Restoring and strengthening the «atmosphere of trust» in international relations on the basis of the goals and principles of the UN Charter, promoting multilateral interaction on the basis of equality and compromise stand among the nation’s key priorities in the international arena.

Peace and security

The country’s steadfast commitment to peace and security is in line with that of the UN. Peace and security, development and human rights are the bedrock of Kazakhstan’s foreign policy.

Over the years of being a UN member, Kazakhstan has made every effort to contribute to the peaceful settlement of disputes through preventive diplomacy, dialogue and negotiations. The importance of dialogue has been a cornerstone of President Kassym-Jomart Tokayev’s international appearances.

Since 2017, Kazakhstan has hosted 19 rounds of the Astana Process on Syria to facilitate UN efforts to resolve a decade-long conflict.


Kazakhstan was also one of the first to repatriate its citizens, primarily children and women, from conflict zones in the Middle East.

Kazakhstan also pioneered such initiatives as the UN Regional Center for Preventive Diplomacy for Central Asia (UNRCCA), the Central Asian Nuclear-Weapon-Free-Zone, and the Conference on Confidence-Building Measures in Asia (CICA), among others.


CICA was, in fact, one of the first international initiatives of Kazakhstan put forward at the 47th session of the UN General Assembly in 1992. From just a mere idea, CICA, a multi-national forum of 28 member states for enhancing cooperation toward promoting peace, security, and stability in Asia, has evolved into an international organization, the process that was launched at the sixth CICA summit in Astana on October 12-13.


On February 22, Kazakh Deputy Foreign Kanat Tumysh and CICA Secretary General Kairat Sarybay signed the roadmap on the Kazakh chairmanship’s priorities in the CICA for 2023-2024, including CICA’s institutional development, implementation of the Catalogue of Confidence Building Measures, promotion of the Business and Youth Councils.

Established in 2007 in Ashgabat, UNRCCA is another example of how Kazakhstan contributes to peace in the region. UNRCCA is designed to foster dialogue between the Central Asian countries to address emerging problems and potential threats, maintaining engagement with international organizations operating in the region.


Natalia Gherman during her visit to Astana on February 2. Photo credit: MFA Kazakhstan

«Kazakhstan is interested in ensuring peace and security in the region and the sustainable development of the Central Asian countries. Therefore, we note the timeliness of continuing numerous creative processes in the Central Asian region, emphasizing the important role of the UN in this process,» said Kazakh First Deputy Minister Kairat Umarov on February 2 during his meeting with head of UNRCCA Natalia Gherman, who completed her mission.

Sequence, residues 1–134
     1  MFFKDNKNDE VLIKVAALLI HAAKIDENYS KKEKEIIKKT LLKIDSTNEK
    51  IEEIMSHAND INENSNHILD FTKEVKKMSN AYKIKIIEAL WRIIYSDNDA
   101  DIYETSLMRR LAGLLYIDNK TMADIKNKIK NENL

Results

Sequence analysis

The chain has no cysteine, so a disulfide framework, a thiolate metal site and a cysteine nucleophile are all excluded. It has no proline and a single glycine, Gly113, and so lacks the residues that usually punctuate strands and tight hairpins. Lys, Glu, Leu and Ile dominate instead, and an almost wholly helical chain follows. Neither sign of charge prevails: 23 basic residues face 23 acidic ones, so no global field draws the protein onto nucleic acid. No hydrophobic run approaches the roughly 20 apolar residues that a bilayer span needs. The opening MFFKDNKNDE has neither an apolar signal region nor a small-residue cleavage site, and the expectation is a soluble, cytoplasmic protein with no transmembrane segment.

Peacekeeping and sustaining peace

Kazakhstan's foreign policy emphasizes the importance of promoting peace and stability within the country and beyond its borders. As part of this, Kazakhstan has actively supported UN peacekeeping efforts, both as a troop contributor and as a non-permanent member of the UN Security Council in 2017-2018.

Kazakhstan has deployed peacekeepers to the UN Interim Force in Lebanon (UNIFIL) since October 2018, with the first 120 peacekeeping officers departing to Lebanon on October 31, 2018. The mission was established to help ensure the cessation of hostilities between Israel and Lebanon and to assist the Lebanese government in restoring its authority in the south of the country.


Kazakhstan’s peacekeeping officers. Photo credit: Kazakh Ministry of Defense

524 officers of the Armed Forces participated in UNIFIL as part of the Indian Battalion. The latest seventh peacekeeping contingent of the Armed Forces of Kazakhstan completed its participation in the UNIFIL in October 2022.

The country has contributed troops, police officers, and military observers to several UN missions, as well as provided financial and logistical support.


The seventh peacekeeping contingent arrived in Almaty in October, while the eighth departed on its mission. Photo credit: Kazakh Ministry of Defense

For six months, Kazakh officers were in charge of guarding, participated in the organization of checkpoints, base security, and daily combat training of non-operational personnel.

«Six months flew by quickly. The in-depth training at the Peacekeeping Training Center helped us adapt easily to the new environment and handle the tasks with dignity. The moral and psychological state of the service officers is at a high level, they are ready for the fulfillment of tasks in the place of service,«said captain Marat Abdramanov upon arrival in Almaty.